When Sundar Pichai took over as the head of Android after Andy Rubin stepped down, we had a lot of questions. Sundar Pichai is also the head the Chrome, so we wanted to know if the two Google operating systems would be merging at some point in the future. Chrome OS can run some Android apps both OS's are built on a Linux kernel, so maybe this was something that could happen. Pichai has said on a couple of occasions that it wasn't going to happen anytime soon, and he reiterated that fact a couple of weeks ago in an interview with The Economic Times of India. Android and Chrome are going to remain two separate operating systems, and there's no foreseeable future where they will merge.
Pichai said in the interview that Google is not looking to "force convergence" between the two OS's. If they are ever going to join into one multi-platform system, it's something that will have to happen "organically". This isn't new news by any means, as sources at Google have said this a number of times. Pichai did expand on the thought process and decision making behind the scenes, however. "If we had decided to fully converge, we wouldn't have arrived at Chromecast. The team could think about it in a different way because the attributes of Chrome are different," he said. Because the two teams and the two operating systems are separate, they can focus on making their own individual products better. They can also focus on creating new and interesting things, like Chromecast.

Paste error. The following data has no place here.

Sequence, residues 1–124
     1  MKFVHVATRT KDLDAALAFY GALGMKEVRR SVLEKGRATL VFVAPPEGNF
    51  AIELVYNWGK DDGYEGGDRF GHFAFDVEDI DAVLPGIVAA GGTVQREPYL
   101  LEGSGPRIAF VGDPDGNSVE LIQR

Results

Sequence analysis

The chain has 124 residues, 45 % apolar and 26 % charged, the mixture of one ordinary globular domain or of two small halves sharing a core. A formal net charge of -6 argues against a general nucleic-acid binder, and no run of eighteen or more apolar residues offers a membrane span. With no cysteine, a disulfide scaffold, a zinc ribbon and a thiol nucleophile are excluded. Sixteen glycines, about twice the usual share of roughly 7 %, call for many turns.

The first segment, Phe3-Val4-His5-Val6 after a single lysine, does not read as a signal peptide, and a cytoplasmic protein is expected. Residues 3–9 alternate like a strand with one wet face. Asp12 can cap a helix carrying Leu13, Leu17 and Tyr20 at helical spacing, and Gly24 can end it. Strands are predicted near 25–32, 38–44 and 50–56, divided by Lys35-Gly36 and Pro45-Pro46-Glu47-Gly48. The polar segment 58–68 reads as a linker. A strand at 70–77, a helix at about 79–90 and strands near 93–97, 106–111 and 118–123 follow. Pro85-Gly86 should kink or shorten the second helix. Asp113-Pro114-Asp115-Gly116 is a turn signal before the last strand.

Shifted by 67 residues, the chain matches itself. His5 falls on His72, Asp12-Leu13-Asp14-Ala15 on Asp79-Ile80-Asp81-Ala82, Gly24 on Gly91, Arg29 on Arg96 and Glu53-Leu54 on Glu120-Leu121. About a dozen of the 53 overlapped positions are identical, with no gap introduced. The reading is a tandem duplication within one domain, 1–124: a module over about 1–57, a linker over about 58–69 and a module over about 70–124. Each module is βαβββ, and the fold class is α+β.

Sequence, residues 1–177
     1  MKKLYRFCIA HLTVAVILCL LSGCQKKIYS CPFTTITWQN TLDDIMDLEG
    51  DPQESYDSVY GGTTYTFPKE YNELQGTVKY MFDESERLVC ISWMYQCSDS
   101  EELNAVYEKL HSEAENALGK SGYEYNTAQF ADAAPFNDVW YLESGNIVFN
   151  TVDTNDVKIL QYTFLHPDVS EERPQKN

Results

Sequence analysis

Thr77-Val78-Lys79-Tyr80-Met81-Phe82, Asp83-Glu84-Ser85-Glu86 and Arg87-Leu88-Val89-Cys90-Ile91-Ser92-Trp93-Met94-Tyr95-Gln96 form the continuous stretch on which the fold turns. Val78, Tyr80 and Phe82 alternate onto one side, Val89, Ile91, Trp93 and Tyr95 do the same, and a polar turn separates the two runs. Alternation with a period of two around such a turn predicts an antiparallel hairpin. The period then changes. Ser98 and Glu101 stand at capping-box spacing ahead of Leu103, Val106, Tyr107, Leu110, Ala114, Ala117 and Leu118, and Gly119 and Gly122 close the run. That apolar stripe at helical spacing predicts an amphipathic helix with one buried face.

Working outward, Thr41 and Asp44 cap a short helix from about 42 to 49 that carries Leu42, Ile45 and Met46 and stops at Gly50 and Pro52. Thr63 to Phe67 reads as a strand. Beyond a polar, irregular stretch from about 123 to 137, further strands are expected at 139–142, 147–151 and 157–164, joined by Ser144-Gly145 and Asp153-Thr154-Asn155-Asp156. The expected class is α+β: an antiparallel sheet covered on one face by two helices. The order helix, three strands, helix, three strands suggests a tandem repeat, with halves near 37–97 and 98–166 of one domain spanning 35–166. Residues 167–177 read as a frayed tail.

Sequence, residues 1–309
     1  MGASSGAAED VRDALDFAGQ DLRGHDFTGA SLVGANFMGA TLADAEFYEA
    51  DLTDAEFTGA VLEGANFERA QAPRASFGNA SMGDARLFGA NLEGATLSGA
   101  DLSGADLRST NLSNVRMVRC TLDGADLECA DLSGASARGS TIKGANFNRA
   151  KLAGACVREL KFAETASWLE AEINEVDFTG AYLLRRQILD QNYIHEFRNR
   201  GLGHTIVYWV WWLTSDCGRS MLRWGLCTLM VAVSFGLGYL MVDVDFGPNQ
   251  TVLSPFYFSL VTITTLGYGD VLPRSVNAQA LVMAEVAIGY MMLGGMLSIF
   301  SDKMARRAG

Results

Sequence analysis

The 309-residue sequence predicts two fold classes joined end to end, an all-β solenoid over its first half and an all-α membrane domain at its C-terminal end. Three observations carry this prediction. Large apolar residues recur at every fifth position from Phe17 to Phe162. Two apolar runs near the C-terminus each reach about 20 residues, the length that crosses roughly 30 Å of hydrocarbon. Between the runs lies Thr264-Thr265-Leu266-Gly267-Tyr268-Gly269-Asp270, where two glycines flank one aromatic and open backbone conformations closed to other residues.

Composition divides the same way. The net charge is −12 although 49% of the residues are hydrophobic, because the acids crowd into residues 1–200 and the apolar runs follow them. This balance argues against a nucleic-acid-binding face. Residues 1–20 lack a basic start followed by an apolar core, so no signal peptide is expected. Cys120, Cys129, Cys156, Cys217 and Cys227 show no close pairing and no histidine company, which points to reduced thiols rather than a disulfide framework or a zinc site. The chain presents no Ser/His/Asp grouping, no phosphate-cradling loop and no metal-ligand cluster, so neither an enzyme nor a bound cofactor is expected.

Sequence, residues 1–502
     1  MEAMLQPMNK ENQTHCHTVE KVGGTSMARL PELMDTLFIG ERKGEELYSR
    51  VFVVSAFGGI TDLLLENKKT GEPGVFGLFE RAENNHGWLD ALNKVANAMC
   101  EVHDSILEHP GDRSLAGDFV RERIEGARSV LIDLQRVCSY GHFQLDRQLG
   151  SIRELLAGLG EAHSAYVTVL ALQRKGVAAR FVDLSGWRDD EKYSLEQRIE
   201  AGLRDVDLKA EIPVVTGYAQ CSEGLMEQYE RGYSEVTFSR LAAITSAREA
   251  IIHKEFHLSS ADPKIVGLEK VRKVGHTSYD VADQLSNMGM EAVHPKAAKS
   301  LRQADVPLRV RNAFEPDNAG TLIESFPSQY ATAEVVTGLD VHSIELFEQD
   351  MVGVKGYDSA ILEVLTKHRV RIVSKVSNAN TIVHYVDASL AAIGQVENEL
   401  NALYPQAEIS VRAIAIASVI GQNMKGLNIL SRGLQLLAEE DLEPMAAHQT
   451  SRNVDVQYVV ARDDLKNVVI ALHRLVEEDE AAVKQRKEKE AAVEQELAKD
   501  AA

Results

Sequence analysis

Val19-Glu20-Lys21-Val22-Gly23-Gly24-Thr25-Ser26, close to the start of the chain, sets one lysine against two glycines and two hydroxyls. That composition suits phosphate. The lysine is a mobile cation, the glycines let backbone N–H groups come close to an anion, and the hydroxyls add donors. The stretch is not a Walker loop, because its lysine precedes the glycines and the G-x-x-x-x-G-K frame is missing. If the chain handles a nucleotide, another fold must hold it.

Android and Chrome are pretty great as they are, and there is already a bit of convergence with things like the App Runtime for Chrome that lets some Android apps run directly in the Chrome browser. Google is also unifying the overall design language around Material Design. That design language is effecting changes in both Chrome and Android. While we won't be seeing a true cross-platform OS like the one Canonical is working on with Ubuntu Touch, we're in a good place with Android and Chrome developing as they are.